Stop Fearing Your Credit Card

Many of us who own a credit card understand how convenient they are to use. With that being said, I know you have heard the horror stories that have been coupled with their use. My recommendation is stop fearing your credit card by learning the best way to make it work in your favor.

Understanding Your Credit Card Agreement

We can start off by understanding the terms and conditions of your credit card. These include things like the annual fee, line of credit, annual percentage rate and other specifics which are spelled out in your credit card agreement.

“What’s a credit agreement?” you ask. It comes with your card and generally looks like a booklet printed on paper. Sometimes it’s printed on the back of the paper the card comes attached. It can also be found online at the credit card’s website. Keep it in your files just in case you have a need to refer to it later.

Find out when the pay due date is to ensure you are timely with your payment. Experian recommends paying your balance in full each month. If you can’t, keep your balance as low as possible and no more than 30 percent of your credit limit. This is called Credit Utilization, a factor used in calculating your credit score. Keeping a low, or no, balance does matter for reasons other than payment management.

Advantages to Using Your Cards

An advantage to using your credit card would be fraud and return protection when making online purchases, pay for meals at restaurants, or gasoline purchases.  

In addition, some cards offer a rewards program and can offer the customer higher rewards. These rewards can be even higher if you use your credit card for travel purchases. Still manage your repayment to the least amount of time to pay the least amount of interest. When considering making purchases that will not be paid in full by the next month, see if your credit card offers a promotion for zero interest for a stated period of time. When you pay the purchase in full within the promotional period you will have saved money by paying no interest and paid off the purchase price in smaller more manageable increments. This approach makes it affordable when there is the need to make expensive purchases.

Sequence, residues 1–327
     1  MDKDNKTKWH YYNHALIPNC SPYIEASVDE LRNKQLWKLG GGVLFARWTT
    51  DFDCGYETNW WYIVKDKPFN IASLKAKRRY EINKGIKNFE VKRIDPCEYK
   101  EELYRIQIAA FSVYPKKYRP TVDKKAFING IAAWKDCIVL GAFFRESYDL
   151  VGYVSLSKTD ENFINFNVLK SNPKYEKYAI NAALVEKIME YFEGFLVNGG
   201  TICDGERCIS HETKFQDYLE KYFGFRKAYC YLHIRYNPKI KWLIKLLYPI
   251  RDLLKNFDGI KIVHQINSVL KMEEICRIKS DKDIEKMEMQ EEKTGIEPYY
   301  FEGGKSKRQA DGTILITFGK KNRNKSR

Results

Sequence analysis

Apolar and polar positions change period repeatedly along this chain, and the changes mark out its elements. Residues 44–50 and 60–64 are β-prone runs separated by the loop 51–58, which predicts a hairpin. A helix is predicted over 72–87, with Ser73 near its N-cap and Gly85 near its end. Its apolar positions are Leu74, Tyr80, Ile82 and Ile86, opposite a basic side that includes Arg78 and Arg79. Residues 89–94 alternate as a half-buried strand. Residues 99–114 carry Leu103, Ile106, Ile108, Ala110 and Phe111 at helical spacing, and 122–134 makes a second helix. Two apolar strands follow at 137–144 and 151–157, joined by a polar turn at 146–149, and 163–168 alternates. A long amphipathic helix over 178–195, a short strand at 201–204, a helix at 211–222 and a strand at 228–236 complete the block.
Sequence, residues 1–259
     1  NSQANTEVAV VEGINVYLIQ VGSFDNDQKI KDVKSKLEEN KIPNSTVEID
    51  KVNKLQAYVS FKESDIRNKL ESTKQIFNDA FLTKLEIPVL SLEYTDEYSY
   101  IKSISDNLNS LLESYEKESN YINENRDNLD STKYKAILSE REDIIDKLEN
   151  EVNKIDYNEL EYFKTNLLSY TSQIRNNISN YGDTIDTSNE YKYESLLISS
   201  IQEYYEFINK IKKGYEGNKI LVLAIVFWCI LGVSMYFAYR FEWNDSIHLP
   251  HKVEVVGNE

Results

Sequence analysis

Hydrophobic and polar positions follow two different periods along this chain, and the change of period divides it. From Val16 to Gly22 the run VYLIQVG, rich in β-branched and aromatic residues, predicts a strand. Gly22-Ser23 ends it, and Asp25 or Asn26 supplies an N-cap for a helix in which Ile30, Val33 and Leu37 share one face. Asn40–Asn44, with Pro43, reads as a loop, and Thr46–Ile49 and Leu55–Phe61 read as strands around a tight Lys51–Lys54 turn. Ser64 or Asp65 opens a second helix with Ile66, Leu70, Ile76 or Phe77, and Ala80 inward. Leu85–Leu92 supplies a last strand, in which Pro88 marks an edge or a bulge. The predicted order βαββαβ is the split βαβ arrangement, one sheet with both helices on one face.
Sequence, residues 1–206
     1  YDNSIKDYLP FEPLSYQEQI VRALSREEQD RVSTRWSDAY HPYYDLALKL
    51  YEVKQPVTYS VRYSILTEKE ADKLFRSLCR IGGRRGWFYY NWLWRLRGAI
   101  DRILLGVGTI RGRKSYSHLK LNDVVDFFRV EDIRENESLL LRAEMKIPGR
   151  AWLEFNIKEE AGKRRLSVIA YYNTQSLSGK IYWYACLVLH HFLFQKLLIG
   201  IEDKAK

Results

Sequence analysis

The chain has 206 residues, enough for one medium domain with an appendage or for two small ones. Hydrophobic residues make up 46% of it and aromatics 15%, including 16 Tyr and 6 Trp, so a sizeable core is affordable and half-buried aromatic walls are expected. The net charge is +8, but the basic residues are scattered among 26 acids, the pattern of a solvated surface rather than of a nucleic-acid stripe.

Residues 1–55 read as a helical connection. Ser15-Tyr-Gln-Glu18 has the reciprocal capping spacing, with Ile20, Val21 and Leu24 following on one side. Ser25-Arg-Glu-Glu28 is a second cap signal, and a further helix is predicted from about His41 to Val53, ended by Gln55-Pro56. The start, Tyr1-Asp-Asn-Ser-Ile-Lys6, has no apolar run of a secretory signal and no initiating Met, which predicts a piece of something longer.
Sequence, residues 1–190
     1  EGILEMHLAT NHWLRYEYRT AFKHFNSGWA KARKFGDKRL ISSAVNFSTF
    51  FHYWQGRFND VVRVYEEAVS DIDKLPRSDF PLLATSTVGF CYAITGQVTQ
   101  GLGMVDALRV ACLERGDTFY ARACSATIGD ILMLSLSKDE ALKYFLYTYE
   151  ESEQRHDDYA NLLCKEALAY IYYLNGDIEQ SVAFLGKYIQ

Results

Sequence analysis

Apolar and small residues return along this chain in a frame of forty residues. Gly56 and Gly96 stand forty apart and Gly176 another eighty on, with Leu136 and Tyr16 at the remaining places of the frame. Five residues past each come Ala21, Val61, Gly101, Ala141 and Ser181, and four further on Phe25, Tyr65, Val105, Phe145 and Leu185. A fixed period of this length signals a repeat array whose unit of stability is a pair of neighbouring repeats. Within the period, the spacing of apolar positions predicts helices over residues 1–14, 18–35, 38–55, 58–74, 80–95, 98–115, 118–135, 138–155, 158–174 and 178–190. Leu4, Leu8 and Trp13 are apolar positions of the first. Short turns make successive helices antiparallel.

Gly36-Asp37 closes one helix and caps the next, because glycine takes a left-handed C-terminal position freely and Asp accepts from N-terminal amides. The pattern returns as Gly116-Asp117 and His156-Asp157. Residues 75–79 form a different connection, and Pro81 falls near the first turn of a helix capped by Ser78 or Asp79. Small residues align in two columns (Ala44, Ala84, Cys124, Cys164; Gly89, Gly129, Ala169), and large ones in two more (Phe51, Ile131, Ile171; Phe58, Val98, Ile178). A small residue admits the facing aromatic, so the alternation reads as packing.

Use Caution When Paying with Credit Card

Somethings to be aware of when making credit card purchases involves the state of your finances, and your state of mind. Identify when you can pay your household bills using your credit card for the rewards earned. Caution having the means to pay it off in full at the end of the month, versus not having any other options. This generally signifies a red flag with the state of your finances that should be addressed before getting deeper in debt.

Vendors generally have restrictions in place to protect themselves from the misuse of charging certain items on a credit card. For example, some car dealerships won’t allow you to purchase a car using a credit card. Or, will limit the amount because of the credit card processing fees.

Also, you can’t use your credit card to make a regular payment on another credit card; you are not even afforded the option. Another example is making a student loan payment with your credit card. In this instance, interest would be assessed twice, once from the student loan then again from the credit card. These restrictions are in place for the cardholders benefit as well as the vendor. Be aware of your state of mind when making credit card purchases for retail therapy or a fun night out on the town. Managing this type of spending will help avoid overspending and having your balance spiral out of control.

Contact PFPF for Additional Advice

Put thought into using and managing your credit card purchases as a means to gaining control of your financial health. There is not a need to contribute to the United States $1 trillion credit card debt just because your credit card issuer has provided you with a high line of credit.

What would it feel like to have financial freedom and understanding how to budget the right way? Contact Personal Finance Plus Foundation for help on your financial literacy.